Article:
Four drug deaths last month in Britain have been blamed on so-called “Superman” pills being sold as Ecstasy, but actually containing PMMA, a synthetic stimulant drug with some MDMA-like effects that has been implicated in a number of deaths and hospitalizations in Europe and the U.S. The “fake Ecstasy” was also under suspicion in the September deaths of six people in Florida and another three in Chicago. An additional six deaths in Ireland have also been linked to the drug. (See Drugs.ie for more details.)

PMMA, or paramethoxymethamphetamine, causes dangerous increases in body temperature and blood pressure, is toxic at lower doses than Ecstasy, and requires up to two hours in order to take effect.

In other words, very nearly the perfect overdose drug.

Whether you call them “emerging drugs of misuse,” or “new psychoactive substances,” these synthetic highs have not gone away, and aren’t likely to. As Italian researchers have noted, “The web plays a major role in shaping this unregulated market, with users being attracted by these substances due to both their intense psychoactive effects and likely lack of detection in routine drug screenings.” Even more troubling is the fact that many of the novel compounds turning up as recreational drugs have been abandoned by legitimate chemists because of toxicity or addiction issues.

The Spice products—synthetic cannabinoids—are still the most common of the novel synthetic drugs. Hundreds of variants are now on the market. Science magazine recently reported on a UK study in which researchers discovered more than a dozen previously unknown psychoactive substances by conducting urine samples on portable toilets in Greater London. Call the mixture Spice, K2, Incense, Yucatan Fire, Black Mamba, or any other catchy, edgy name, and chances are, some kids will take it, both for the reported kick, and for the undetectability. According to NIDA, one out of nine U.S. 12th graders had used a synthetic cannabinoid product during the prior year.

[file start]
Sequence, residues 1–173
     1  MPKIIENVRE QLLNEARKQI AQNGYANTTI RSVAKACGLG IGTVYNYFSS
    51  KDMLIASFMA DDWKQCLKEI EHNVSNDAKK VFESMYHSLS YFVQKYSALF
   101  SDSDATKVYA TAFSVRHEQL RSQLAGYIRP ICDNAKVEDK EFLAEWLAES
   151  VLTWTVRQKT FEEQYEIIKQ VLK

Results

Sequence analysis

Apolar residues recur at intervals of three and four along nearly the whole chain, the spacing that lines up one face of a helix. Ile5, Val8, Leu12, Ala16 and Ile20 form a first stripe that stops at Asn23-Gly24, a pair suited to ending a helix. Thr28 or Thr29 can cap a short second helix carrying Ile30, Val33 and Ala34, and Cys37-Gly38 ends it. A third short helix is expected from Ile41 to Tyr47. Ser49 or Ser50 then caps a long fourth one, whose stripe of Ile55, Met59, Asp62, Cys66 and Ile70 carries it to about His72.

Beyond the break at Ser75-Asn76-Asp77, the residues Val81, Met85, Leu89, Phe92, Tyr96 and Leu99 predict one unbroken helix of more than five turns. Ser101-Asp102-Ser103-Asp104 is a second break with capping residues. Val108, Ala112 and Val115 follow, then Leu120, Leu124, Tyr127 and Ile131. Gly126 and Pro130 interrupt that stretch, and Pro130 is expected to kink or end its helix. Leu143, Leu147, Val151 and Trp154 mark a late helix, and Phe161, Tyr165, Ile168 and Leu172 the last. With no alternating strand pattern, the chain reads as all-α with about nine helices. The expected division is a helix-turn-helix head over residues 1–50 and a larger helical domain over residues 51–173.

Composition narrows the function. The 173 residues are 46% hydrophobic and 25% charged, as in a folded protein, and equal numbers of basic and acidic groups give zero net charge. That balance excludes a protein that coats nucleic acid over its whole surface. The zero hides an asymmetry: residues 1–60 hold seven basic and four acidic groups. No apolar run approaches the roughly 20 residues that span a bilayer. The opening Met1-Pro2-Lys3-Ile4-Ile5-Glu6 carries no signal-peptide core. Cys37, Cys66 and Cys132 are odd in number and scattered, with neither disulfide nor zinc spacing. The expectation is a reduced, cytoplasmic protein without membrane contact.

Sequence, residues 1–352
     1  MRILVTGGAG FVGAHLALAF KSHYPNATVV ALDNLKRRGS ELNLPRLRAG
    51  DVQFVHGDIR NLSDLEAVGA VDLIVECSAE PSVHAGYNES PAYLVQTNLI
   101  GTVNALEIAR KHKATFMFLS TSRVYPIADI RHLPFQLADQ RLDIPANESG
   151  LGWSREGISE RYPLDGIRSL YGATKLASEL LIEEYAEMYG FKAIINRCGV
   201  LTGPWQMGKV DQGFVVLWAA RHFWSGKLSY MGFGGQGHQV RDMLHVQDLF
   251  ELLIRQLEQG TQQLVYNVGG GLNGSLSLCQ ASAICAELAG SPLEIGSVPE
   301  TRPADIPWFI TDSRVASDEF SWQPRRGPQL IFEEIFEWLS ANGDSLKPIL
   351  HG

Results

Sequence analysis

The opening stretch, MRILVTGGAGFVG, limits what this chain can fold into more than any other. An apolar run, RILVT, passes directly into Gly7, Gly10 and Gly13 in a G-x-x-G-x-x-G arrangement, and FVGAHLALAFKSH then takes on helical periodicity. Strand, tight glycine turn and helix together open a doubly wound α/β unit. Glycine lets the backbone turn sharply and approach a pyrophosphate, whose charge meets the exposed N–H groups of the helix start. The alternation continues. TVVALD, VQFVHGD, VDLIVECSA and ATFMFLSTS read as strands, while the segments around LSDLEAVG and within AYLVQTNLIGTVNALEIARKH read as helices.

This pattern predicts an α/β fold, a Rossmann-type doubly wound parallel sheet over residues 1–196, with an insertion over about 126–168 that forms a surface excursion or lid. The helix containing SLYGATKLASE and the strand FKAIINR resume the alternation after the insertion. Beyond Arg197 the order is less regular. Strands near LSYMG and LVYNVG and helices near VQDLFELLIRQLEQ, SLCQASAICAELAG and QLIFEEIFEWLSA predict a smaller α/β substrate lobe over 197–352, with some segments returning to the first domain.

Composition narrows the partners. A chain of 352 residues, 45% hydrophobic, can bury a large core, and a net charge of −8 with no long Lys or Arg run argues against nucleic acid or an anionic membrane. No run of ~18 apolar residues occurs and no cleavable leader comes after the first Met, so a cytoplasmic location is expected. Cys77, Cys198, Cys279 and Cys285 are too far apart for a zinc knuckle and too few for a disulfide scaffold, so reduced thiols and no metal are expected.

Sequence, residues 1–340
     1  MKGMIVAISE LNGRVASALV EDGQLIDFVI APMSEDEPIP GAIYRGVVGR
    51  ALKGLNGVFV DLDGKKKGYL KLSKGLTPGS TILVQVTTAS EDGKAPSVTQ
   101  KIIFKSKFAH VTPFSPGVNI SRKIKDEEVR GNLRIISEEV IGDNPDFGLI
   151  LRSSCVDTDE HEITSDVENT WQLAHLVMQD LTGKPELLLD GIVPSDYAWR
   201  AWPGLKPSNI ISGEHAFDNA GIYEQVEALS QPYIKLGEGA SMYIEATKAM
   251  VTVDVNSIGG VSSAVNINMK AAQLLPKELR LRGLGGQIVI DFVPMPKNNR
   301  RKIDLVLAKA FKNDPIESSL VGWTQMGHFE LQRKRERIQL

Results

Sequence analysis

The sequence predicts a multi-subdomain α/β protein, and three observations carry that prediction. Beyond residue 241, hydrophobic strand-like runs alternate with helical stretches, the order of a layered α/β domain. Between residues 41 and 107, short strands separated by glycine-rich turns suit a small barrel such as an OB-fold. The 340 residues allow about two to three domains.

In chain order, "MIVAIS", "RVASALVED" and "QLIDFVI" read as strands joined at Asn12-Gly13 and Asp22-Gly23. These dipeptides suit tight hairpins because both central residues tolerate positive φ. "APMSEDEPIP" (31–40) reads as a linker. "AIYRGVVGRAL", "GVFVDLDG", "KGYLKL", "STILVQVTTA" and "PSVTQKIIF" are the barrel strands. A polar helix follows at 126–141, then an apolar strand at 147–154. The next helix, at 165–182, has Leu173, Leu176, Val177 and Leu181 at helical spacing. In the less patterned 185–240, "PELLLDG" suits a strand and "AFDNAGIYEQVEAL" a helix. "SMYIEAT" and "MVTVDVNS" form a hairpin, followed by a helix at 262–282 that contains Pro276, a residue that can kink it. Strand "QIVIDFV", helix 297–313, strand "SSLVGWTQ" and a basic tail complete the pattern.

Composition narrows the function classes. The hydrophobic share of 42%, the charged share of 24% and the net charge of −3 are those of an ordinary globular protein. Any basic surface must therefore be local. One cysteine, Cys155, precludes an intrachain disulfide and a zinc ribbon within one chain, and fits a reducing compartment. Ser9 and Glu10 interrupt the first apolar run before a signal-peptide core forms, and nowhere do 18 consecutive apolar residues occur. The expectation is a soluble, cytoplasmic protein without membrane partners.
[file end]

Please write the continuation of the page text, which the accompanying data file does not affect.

“Laws just push forward the list of compounds,” Dr. Duccio Papanti, a psychiatrist at the University of Trieste who studies the new drugs, said in an interview for this article. “The market is very chaotic, bulk purchasing of pure compounds are cheaply available from China, India, Hong-Kong, but small labs are rising in Western Countries, too. Some authors point out that newer compounds are more related to harms (intoxications and deaths) than the older ones. You can clearly see from formulas that newer compounds are different from the first ones: new constituents are added, and there are structural changes, so although we have some clues about the metabolism of older, better studied compounds, we don't know anything about the newer (and currently used) ones."